Calamur strives to be profound in his observations of evolving Mumbai and insightful in his comments about human nature but rarely rises above the obvious. Gaikwad's supposed pride in the self-confidence of modern women in Mumbai seems more like the author's commentary on a changing country than a realistic character trait.
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1 of 1 people found the following review helpful By TMDG on September 19, 2012
Format: Kindle Edition
The overall plot was interesting. The descriptions about the setting, classes, its customs and traditions, I have to admit, felt like I was reading a textbook. That isn't necessarily bad, I felt like I learned some things. I found myself skipping through some of the descriptions , as I felt like it was repetitive information. I admired the integrity and honesty of the main characters Gaikwad and Ganesh on their journey to solve the mystery of who murdered Liz Barton, not willing to just come up with an answer, but wanted to come up with the right answer. I would have liked them to have more personality though. I had no idea who the murderer was, and couldn't even guess. At the end, it's like "Ohhh, now I get it." There were motives for her murder presented through the story, but the actual motive wasn't revealed until the end.
It definitely wasn't a waste of time, but I didn't find it to be exceptional.
I was given this book for free in exchange for a review.
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1 of 1 people found the following review helpful By ShoreGirl on August 6, 2012
Format: Kindle Edition
Murder in Mumbai
by Krishnadev Calamur

This is a straightforward, old fashioned, who done it murder mystery which I thoroughly enjoyed! Calamur has written a good story set in modern day India. He makes you feel that you are really there with his descriptions of the sights, sounds and smell of the town.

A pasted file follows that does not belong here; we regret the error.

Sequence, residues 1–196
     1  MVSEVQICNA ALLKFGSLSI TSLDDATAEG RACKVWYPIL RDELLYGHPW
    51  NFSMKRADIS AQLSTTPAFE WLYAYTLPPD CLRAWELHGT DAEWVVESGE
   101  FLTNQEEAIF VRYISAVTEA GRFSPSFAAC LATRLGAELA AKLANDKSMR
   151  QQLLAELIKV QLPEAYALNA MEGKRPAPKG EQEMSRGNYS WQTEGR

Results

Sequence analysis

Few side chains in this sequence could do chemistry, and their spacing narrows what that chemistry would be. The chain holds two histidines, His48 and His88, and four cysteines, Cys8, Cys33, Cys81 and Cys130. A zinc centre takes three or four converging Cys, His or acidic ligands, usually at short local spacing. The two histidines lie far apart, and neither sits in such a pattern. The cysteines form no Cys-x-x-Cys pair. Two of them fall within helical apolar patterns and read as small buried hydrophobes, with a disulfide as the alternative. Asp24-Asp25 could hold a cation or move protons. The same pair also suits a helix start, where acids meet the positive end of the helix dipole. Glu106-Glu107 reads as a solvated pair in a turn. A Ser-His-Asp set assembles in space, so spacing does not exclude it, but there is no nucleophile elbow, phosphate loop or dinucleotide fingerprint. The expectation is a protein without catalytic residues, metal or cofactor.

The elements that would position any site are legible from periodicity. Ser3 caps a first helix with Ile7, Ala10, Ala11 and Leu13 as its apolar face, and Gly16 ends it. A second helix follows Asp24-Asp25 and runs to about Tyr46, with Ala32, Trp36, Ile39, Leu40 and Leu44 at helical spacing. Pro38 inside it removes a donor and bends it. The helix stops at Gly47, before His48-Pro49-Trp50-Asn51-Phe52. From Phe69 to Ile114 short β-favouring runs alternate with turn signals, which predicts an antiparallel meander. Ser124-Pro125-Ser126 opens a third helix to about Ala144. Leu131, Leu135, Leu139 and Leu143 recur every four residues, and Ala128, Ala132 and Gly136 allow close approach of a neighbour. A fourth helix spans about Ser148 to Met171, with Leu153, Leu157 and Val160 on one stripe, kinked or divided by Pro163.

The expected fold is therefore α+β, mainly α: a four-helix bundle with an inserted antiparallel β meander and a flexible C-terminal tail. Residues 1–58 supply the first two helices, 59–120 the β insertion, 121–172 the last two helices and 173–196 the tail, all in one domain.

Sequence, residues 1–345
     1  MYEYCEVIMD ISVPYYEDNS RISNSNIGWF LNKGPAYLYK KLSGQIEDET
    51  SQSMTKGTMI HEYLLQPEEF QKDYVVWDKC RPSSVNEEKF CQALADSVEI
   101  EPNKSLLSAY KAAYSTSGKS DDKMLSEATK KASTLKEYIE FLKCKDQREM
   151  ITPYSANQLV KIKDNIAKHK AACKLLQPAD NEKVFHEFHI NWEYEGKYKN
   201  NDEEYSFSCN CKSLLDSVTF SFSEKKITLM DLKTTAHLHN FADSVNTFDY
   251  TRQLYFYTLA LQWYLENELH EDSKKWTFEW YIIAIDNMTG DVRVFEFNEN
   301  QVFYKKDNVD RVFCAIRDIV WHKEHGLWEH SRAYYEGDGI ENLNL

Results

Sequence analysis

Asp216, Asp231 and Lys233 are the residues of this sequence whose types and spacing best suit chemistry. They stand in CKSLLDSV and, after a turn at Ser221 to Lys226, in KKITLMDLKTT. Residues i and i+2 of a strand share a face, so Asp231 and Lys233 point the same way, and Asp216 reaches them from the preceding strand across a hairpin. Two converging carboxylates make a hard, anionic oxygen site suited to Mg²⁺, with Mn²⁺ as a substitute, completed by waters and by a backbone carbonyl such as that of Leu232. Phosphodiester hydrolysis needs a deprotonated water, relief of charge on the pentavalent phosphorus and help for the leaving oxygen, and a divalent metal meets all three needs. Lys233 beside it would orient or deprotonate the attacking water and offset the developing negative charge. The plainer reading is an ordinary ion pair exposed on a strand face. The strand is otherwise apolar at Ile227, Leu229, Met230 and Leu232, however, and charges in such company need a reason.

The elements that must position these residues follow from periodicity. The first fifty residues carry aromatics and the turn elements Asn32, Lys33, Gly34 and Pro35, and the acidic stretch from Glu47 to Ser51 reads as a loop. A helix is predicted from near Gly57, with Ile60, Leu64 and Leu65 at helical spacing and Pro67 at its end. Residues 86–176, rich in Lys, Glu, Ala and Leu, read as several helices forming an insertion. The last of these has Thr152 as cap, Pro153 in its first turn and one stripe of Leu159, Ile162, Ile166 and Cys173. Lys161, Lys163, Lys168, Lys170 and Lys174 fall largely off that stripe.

The story opens when two robbers literally fall over a dead female body in the apartment that they are going to rob and decide that their best of course of action is to dispose of the body because, after all who would believe that they didn't kill her. Of course, to complicate matters, the body is that of a western female who happens to be the CEO of an important company. So they take matters into hand and dispose of the body where they think that surely it will never be found. The gods, and India's weather, are against them. So the story begins. An honest cop, a disgraced journalist, a jaded environmentalist, and some guilt ridden crooks make for a wonderful story line.

Calamur has developed his characters beautifully. Yes, there is corruption in the Indian police force, but that is not so unusual in India is it ? Gaikwad, the police investigator is doing the best that he can with a system that he cannot change and in the process garners respect from his peers and with that comes an ability to solve a crime. Gaikwad does it the old fashioned way, through dogged, hard police work. It's interesting that the procedure to solve crime does not change from country to country.

Jay Ganesh the disgraced journalist is working at the equivalent of the The Enquirer because he exposed corruption and would not back down. He is determined to get back in the game of real news reporting and with help to and from Gaikwad manages to do that.